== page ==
Pulls me under in quick sand, makes me understand”

Those last two lines throw us back to the magus’s perspective; through communication with whatever it is that lies down there (a simple look at the track list or even basic Lovecraft mythos knowledge will reveal the answer, but we’ll keep the mystery around for a bit) is enlightening him. In the face of “prosaic cynic’s disease”, which is to disbelieve even when belief is necessary, this ecstatic, mystic and occult knowledge is forcing them to understand. But understand what? Here, the track’s title and its numerous appearances in the lyrics (“Carbon phrases take all their ways to find you / A phrase of love I‘m afraid can‘t be shaped without heart”) coupled with some of the other stanzas are our clues. The track’s title is “Carbon Phrases”. When we remember that language in the occult is power, with Hebrew (at the root of Kabbalah) being the language of god and thus of creation. To speak something is to change it, to make it take shape, to create it.

Thus, the knowledge being gained is none other than the manipulation of flesh itself, the augmentation and creation of life. This idea will repeat throughout the entire album (and, indeed, throughout its successor, Liquid Anatomy), of the modification of the flesh as a key to unlocking knowledge. For now, it hangs in the background of the track, with the last few words hinting at another duality (or reflection; remember the mirror metaphor?). As the entity unlocks the key to changing humanity, it has a clear interest: creating a way for it to come back:

“My creation 
Through you my youth unholds its fire 
Ideas reveal in semantic spirals, concealed 

You can read between the lines 
What you‘ll find is grace 
At the bottom of humankind”

The following track, “From a Hadron Machinist” also has an interesting title. The syntax of it is a bit weird; what comes from a Hadron Machinist? It’s hard to say exactly what Alkaloid meant here but my assumption is that the answer to that question is “this entire story”. That is, that the Hadron Machinist is our magus from the previous track, the figure of the doomed genius who is communicating with this Lovecraftian entity from the beyond. This also fits into the muddying between science, magic, mysticism and fantasy that we’ve already hinted at, in which science is the bridge towards the un-imagined and the impossible. It is enough to get us to the doorway of mystical understanding and is thus important but cannot take us that last step and is thus insufficient.

 

How is all of that in the title? Hadrons are some of the smallest building blocks of our universe, particles defined by their structure (specifically, that they are made up of a number of different types of quarks. For example, a proton is a hadron). So, this Machinist’s work is to peer into the smallest parts of our universe. In another classically cyclical image, in those smallest of things, below (like Malkuth is below the Tree of Life in Kabbalah) lies the greatest power, a massive entity imprisoned in the building blocks of our universe. But the Machinist’s science has only gotten him this far; the last step, beyond the smallest things in the universe and back into untold power resides with the mystical and unintelligible figure he finds in the bottom. It is that which waits below that offers the end of the cycle, the return into power:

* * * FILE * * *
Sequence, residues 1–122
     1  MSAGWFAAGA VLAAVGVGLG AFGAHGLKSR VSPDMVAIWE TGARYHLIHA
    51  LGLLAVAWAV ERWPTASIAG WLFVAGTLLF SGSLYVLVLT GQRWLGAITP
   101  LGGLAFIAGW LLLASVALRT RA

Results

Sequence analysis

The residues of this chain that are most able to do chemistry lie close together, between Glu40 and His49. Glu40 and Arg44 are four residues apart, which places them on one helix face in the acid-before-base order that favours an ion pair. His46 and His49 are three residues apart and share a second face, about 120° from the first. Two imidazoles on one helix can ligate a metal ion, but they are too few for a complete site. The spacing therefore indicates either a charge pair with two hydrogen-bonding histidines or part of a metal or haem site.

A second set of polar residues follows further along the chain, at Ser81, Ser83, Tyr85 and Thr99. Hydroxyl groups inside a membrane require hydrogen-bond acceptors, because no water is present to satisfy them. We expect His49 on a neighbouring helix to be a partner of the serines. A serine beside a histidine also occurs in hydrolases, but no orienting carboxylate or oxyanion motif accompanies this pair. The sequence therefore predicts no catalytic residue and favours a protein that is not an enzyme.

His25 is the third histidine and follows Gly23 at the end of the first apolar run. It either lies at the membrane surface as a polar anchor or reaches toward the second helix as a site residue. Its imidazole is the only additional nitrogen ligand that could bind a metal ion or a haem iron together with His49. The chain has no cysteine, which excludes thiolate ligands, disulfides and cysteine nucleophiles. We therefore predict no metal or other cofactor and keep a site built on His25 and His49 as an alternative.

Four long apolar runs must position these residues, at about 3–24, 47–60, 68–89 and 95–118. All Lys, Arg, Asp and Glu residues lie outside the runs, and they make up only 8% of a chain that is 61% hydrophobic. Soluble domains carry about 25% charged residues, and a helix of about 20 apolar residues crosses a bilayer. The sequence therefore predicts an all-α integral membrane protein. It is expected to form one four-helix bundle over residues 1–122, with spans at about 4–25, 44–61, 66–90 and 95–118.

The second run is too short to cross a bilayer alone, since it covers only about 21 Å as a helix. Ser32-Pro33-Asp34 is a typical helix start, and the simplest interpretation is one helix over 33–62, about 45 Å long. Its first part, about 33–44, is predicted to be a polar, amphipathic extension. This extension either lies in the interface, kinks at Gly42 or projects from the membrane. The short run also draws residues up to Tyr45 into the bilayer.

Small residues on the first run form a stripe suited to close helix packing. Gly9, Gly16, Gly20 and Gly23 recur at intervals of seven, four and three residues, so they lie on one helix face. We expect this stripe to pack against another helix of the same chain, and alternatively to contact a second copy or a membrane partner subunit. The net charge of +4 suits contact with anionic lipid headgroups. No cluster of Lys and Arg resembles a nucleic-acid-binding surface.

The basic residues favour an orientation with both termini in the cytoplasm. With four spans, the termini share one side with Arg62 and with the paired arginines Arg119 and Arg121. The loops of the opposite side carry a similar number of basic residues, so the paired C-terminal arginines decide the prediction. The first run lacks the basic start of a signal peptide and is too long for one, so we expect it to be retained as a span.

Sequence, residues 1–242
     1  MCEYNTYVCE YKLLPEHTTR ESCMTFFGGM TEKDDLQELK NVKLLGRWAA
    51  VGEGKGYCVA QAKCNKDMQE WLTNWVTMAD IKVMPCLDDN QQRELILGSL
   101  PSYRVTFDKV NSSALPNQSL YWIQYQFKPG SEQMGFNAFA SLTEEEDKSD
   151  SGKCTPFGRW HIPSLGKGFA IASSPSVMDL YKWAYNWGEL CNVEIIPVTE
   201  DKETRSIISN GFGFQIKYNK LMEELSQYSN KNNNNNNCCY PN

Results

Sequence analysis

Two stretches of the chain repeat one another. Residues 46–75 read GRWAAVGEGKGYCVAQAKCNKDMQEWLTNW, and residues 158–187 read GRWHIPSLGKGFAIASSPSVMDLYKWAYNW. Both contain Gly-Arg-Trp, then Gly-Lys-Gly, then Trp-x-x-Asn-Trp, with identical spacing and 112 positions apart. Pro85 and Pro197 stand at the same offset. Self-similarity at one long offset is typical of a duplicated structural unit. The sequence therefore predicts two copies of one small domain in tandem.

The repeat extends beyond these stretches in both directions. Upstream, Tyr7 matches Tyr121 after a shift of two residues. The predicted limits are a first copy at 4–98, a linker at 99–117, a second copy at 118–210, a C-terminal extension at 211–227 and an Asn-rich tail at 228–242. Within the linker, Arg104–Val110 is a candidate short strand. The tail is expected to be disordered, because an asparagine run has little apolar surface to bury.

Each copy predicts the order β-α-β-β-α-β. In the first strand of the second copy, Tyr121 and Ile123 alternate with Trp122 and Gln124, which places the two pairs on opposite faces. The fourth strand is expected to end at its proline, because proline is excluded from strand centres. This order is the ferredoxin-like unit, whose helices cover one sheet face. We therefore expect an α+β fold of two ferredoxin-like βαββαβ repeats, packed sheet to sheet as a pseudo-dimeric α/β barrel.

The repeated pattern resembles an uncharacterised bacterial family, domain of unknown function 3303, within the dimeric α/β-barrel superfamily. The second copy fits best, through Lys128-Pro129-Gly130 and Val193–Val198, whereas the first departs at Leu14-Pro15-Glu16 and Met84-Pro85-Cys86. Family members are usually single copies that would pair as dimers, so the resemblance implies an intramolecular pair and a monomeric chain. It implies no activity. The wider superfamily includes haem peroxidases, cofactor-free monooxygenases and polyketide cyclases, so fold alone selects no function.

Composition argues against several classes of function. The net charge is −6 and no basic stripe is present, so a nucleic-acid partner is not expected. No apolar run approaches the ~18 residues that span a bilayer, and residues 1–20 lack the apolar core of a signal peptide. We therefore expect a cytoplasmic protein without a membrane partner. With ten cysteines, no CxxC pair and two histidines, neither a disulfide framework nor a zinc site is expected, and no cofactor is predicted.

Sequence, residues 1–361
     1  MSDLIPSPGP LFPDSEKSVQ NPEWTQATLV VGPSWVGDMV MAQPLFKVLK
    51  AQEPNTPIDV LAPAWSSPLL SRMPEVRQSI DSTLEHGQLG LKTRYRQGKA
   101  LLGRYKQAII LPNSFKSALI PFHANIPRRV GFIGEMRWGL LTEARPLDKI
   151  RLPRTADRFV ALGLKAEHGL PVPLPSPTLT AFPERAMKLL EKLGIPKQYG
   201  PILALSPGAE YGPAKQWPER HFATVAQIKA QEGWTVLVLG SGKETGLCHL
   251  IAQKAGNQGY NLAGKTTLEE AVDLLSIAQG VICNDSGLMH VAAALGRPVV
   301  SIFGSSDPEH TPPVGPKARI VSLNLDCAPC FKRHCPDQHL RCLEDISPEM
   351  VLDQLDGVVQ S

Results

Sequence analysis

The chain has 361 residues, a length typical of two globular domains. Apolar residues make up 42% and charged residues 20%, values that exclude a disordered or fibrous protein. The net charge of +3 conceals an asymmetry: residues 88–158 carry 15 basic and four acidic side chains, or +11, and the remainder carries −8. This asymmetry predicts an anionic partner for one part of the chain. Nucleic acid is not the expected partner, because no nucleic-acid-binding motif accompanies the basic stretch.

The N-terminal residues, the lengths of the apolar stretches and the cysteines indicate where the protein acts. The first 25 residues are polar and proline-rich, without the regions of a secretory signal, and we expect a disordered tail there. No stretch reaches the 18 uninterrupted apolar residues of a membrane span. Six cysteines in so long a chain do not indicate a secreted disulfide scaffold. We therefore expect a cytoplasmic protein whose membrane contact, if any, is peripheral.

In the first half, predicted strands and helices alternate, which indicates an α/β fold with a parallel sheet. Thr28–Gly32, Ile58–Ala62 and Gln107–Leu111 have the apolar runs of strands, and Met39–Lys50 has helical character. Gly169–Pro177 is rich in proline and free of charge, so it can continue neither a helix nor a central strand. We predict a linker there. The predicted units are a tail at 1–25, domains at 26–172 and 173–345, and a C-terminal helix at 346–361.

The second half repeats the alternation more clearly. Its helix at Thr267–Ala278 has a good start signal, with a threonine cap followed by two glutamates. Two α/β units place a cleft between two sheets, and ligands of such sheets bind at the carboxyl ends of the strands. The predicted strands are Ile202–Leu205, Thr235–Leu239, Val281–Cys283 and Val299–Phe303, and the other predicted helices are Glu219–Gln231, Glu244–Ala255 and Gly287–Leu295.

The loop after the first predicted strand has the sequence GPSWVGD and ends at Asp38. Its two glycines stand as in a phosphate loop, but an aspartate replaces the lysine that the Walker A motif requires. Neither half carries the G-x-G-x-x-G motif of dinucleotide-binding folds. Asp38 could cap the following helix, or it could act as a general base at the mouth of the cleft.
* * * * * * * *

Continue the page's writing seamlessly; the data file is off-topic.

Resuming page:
“Call on me – human source to nothingness
Blindly see through dreams
Unlock the key to a world by void concealed
On black ice beneath the sea

From Malkuth earth reborn
Walks the one to marry moon and sun
Be one reflection

Sincere – your organic thought machine
Reckons the plane obscene
I can feel the deafening silence
Illusive asylum arriving for real”

As we mentioned before, the lowest point of the Tree of Life, Malkuth which lies ostensibly outside of it, is also where the cycle turns and bites itself. Through Malkuth, earth reborn; from this small place of nothingness comes reality, both in the literal sense in which the smallest particles of the universe are those that built it the way that it is but also in our literary sense in which the greatest power awaits within the void between particles. This power is “the one to marry moon and sun”, an obvious reference to the dualism that is so common in the occult between the two heavenly bodies. They represent male and female, overt and covert power, scientific and mystical knowledge and many other pairings besides. Their marriage is an obvious image of immense power, the melding of opposites from which true power comes (if you’d like to read more about this subject, I suggest going to the source and reading the Chymical Wedding of Christian Rosenkreutz, perhaps the most important medieval text on the occult. Looking at its cover is enough for our needs now, as it prominently features the marriage of sun and moon).

The stanzas above also feature the intriguing phrase “organic thought machine”, which ushers in, or rather merely emphasizes, another important theme of The Malkuth Grimoire. This is the meld between flesh and machine and how one is merely an extension of the other (in both directions). Later in the album, and especially in Liquid Anatomy, its successor, we’ll see how the body, machines and computing fit together. For now, we can understand the most basic need of this entity and why it would even bother with humans in the first place: